The “Bush-era” tax cuts is the collective term for the tax measures enacted in the Economic Growth and Tax Relief Reconciliation Act of 2001 (EGTRRA) and Jobs and Growth Tax Relief Reconciliation Act of 2003 (JGTRRA). EGTRRA and JGTRRA made over 30 major changes to the Tax Code which are scheduled to sunset at the end of 2012. The following are highlights of the major changes for business and investment in 2013 resulting from the sunset –
· Reduced maximum capital gains rate expires
· Lower capital gain tax rates for qualified five-year gain will be revived
· Exclusion of gain on sale of small business stock treated as AMT preference item will increase
· Taxation of qualified dividends at capital gain rates will no longer apply
· Credit for employer-provided child care facilities and services expire
· Accumulated earnings tax rate increases to 39.6 percent
· Personal holding company tax rate increases to 39.6 percent
· Repeal of collapsible corporation rules expires
On June 28, 2012, the U.S. Supreme Court upheld the constitutionality of the Patient Protection and Affordable care Act (PPAC). As part of its primary purpose to facilitate health care reform, the PPAC includes key tax provisions that affect businesses. Many business and employers waited to fully implement these provisions until the Supreme Court determined the fate of the health care reform law. Now, however, businesses must comply with the rules under PPAC.
Although it was optional in 2011, Form W-2 reporting is mandatory for 2012 and thereafter. Employers must disclose the aggregate cost of applicable employer-sponsored coverage provided to employees annually on the employee’s Form W-2. Regardless of whether the employee or the employer pays for the coverage, the aggregate cost of the coverage reported is determined under rules similar to those used in determining applicable premiums for purposes of the COBRA continuation coverage requirements of group health plans.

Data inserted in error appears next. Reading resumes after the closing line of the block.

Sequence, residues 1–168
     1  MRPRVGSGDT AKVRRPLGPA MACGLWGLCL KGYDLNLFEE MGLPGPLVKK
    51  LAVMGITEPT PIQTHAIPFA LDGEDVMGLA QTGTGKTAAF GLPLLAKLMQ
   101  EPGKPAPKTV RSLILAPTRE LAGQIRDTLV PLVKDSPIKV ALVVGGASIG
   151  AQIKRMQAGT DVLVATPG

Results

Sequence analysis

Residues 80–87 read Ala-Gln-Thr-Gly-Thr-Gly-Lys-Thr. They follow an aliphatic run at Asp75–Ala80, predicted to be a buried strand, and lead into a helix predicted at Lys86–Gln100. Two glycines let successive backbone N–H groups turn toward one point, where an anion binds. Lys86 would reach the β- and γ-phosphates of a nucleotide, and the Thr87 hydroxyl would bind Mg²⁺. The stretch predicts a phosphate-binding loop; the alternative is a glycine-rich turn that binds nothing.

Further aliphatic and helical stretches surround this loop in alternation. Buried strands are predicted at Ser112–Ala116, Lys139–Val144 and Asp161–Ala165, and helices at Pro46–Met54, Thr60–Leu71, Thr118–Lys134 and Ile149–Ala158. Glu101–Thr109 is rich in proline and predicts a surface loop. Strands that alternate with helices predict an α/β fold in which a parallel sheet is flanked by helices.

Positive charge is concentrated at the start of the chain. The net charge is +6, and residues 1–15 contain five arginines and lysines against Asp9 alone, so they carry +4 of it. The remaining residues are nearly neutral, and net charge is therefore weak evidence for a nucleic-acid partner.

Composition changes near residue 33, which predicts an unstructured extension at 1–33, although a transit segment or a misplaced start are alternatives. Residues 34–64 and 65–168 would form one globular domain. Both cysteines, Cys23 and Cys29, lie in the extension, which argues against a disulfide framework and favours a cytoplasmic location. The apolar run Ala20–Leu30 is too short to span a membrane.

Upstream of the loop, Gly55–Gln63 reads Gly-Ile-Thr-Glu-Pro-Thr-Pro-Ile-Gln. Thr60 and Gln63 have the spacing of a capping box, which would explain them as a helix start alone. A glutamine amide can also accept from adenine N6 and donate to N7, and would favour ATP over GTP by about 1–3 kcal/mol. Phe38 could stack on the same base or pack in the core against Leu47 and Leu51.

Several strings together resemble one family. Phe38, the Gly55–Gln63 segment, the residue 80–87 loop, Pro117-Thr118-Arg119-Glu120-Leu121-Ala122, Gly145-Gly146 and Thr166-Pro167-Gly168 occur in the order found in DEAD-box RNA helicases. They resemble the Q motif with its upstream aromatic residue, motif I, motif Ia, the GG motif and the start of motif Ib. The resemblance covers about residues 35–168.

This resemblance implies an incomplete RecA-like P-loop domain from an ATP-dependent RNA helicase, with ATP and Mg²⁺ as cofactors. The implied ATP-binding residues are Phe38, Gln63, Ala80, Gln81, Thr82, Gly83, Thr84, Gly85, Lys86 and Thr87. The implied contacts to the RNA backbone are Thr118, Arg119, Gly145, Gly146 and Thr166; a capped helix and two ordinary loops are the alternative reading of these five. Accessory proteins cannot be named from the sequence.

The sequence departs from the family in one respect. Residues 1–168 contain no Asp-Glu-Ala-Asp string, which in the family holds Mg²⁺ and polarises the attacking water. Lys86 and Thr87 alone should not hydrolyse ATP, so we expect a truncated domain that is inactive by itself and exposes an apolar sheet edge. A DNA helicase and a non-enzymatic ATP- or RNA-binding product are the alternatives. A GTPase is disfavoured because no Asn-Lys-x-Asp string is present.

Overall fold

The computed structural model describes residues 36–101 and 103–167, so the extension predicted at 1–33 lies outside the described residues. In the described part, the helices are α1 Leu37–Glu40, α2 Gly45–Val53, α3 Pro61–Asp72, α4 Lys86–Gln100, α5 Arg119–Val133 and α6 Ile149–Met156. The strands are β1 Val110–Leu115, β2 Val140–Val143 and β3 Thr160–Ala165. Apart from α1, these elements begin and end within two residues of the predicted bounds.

Many taxpayers are wondering how they may be able to prepare for 2013 and beyond, and what to do before then. The short answer is to quickly become familiar with the expiring tax incentives and what may replace them after 2012, and to plan accordingly. We can help you align traditional year-end techniques with strategies for dealing with uncertainties created by Congress’s delay in addressing sunsetting tax rates and the extension of other major tax benefits. Please call our office for an appointment.